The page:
The next issue at hand was whether the interest incurred during the ownership of the Wrentham house should have been capitalized into basis or expensed against ordinary income. IRC § 263A provides that certain direct and indirect costs associated with producing property, including property held for investment, must be capitalized into the property’s basis. Interest is capitalized to the extent it is paid or incurred during the period in which the property is being constructed or produced.[8] Improvements are also capitalized.[9] As the property was a capital asset and not a trade or business asset, the Court concluded that the interest expenses were subject to capitalization and therefore could only be used in calculating the loss following the disposition of the property.

Takeaways

The Keefes situation is tremendously unfortunate. The bad, starting in 2000, turned worse riding through 2008 and into 2009. Add to their peril their failure to timely file tax returns in several of the years at issue, and the loss is just a growing snowball of epic proportions. In short, if a taxpayer wants to claim an ordinary business loss on the disposition of a rental property, the taxpayer should be able to demonstrate and articulate facts supporting their position. These facts would include:

  1. Actual rentals;
  2. No covenants or other contractual limitation limiting the rental usage of the property; and
  3. At least a significant undertaking and substantial efforts to rent the property in question.

If a position is intended to be taken on a tax return, even if suggested by a tax professional, be mindful of something “too good to be true” and be sure that the position can be supported by real, articulable facts demonstrating solid support for the position taken.

The “trade or business” threshold applies in a myriad of additional contexts as well today. Keeping in mind the case at hand involved tax years going back almost 15 years, much has happened in the Code since that time. Miscellaneous itemized deductions are effectively gone, so deductibility of an expense needs to occur through a carrying on a “trade or business.” Other implications beyond the scope of this article exist as well including application of the net investment income tax and qualification for the qualified business income deduction.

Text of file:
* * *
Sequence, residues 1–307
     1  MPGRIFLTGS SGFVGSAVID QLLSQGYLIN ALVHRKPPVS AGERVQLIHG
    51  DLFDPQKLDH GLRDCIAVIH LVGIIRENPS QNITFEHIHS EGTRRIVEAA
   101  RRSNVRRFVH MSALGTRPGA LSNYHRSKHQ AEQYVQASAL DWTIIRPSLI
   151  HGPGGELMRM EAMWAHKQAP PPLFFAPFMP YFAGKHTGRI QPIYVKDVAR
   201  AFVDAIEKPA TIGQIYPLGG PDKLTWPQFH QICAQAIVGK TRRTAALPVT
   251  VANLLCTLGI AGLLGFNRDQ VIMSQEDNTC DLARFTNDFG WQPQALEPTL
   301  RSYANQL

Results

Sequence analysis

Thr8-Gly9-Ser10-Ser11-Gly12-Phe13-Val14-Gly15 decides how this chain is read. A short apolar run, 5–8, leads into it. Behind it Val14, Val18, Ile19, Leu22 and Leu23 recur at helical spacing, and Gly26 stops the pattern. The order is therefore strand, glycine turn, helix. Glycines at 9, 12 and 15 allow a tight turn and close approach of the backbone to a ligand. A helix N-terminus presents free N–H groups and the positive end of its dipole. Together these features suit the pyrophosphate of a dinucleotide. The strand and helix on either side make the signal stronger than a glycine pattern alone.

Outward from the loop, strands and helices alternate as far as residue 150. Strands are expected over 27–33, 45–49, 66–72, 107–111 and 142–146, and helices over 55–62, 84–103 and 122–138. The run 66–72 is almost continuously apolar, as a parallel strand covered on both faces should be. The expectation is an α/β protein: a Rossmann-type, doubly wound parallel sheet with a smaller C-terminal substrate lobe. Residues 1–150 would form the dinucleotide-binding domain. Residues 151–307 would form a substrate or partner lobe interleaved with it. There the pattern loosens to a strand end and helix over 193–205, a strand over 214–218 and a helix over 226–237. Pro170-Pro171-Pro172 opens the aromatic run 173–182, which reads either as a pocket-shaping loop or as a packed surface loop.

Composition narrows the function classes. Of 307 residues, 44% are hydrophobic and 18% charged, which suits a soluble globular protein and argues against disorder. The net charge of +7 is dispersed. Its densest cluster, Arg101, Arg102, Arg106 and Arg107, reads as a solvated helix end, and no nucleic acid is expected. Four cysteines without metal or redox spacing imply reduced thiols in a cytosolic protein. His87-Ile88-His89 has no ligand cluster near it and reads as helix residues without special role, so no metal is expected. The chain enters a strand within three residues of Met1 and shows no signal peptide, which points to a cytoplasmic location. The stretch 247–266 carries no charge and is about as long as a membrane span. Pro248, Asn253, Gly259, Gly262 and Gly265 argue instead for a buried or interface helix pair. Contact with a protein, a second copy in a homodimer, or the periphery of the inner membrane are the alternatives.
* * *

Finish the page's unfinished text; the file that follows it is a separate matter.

[1] Keefe v. Comm’r, No. 18-2357-ag (2d Cir. 2020).

[2] Keefe v. Comm’r, T.C. Memo. 2018-28.

[3] See IRC § 1221(a)(2).

[4] Treas. Reg. § 1.1221-1(b).

[5] Up to $3,000 in capital losses can be applied against ordinary income however.

[6] See Gilford v. Comm’r, 201 F.2d 735,736 (2d Cir. 1953) (the performance of sufficient rental-related activity, either by the taxpayer or an agent of the taxpayer, will support the conclusion that the taxpayer was engaged in a trade or business with respect to the property)

[7] https://esapllc.com/the-importance-of-being-a-trade-or-business/

[8] IRC § 263A(f)(1)(A).

[9] Treas. Reg. § 1.263A-8(d)(3)(i)-(ii).

Joshua W. Sage, J.D., LL.M.

Josh is a partner at ESA Law. Josh practices in the areas of tax, business, and estate planning. View Full Profile.